This would be first law in the nation to replace a treating dentist or doctor’s health care decisions with that of legislators
By Michael Guirguis
Few of us today were alive during the New Deal Era when the U.S. Supreme Court Justice Louis Brandeis spoke about states being the laboratories of democracy. California above all other states embodies that sentiment and leads the nation in turning progressive ideas into public policy reforms. But something is quietly brewing in California’s laboratory with ill effect on consumers and special concern for health care professionals.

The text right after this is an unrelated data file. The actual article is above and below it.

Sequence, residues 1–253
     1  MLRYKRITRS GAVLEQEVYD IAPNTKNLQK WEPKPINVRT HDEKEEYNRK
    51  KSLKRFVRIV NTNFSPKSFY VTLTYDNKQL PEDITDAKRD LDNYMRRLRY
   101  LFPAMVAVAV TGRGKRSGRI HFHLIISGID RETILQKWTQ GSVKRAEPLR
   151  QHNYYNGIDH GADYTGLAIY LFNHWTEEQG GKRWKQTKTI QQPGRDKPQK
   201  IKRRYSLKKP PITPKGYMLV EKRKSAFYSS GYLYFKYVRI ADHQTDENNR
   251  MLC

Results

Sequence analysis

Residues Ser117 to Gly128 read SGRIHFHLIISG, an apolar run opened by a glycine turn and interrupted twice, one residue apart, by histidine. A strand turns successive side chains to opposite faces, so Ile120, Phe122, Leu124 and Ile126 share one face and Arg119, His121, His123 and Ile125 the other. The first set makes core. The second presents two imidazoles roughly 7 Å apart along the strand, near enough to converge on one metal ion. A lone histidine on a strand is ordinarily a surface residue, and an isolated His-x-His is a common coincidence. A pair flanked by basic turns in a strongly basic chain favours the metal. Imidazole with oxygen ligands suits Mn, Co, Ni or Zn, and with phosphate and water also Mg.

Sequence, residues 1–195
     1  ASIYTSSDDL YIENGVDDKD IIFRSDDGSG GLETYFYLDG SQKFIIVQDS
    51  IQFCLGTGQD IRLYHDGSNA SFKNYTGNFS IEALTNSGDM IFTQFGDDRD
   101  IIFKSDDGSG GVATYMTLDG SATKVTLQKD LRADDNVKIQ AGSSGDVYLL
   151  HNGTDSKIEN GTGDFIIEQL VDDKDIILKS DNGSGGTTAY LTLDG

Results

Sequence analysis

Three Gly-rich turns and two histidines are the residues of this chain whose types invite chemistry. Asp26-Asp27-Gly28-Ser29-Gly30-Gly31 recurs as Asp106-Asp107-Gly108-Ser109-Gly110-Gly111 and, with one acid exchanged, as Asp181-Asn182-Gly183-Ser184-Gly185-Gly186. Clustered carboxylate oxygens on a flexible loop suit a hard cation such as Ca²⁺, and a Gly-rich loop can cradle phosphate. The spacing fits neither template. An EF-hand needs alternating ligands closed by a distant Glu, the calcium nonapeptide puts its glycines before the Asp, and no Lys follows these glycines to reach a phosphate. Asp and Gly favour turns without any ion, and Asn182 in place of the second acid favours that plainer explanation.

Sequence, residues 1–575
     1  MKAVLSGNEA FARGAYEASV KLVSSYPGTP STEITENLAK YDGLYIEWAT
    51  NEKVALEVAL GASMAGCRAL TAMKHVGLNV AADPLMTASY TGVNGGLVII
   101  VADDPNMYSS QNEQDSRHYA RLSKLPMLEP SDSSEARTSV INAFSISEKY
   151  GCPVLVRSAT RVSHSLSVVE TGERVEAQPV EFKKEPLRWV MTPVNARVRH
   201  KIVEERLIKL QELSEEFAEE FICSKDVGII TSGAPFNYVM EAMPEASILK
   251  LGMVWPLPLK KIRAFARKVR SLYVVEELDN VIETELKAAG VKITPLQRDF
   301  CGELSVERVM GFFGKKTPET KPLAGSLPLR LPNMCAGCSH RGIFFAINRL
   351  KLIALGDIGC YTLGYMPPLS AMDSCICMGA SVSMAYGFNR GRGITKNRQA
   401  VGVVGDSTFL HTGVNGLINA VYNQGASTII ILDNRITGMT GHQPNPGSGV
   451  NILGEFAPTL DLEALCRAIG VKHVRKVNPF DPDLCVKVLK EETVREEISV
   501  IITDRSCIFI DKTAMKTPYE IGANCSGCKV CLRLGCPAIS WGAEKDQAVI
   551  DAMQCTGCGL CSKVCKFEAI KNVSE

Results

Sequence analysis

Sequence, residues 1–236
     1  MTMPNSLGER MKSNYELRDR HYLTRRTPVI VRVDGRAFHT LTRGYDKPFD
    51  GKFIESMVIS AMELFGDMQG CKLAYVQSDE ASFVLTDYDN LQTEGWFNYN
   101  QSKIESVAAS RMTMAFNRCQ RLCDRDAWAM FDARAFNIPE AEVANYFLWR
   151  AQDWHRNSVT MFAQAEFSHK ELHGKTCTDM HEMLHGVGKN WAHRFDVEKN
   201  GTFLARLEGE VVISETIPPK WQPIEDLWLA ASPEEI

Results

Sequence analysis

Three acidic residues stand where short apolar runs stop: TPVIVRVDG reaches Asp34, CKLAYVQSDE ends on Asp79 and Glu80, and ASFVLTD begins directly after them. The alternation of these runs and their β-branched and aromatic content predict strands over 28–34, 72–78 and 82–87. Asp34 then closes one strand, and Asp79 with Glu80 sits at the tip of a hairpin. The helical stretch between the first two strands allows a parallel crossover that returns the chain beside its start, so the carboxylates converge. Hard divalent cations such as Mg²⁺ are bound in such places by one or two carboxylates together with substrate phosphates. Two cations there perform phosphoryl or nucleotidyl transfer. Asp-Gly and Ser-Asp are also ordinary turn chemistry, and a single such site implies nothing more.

AB 1998 was introduced by Assemblyman Evan Low ostensibly to protect consumers from the innovative and popular orthodontic treatment using clear aligners that entered the dental care market 6 years ago, cutting costs for such treatment by more than half and relieving patients from office visits. Despite this orthodontic treatment being used by more than 1 million consumers already, AB 1998 first required that a patient could not receive any orthodontic treatment without first having a dental office visit.
Then COVID-19 hit and necessity effectively demonstrated that dentists find new ways to evaluate and treat patients out of the office through technology. That is when this laboratory experiment went horribly wrong.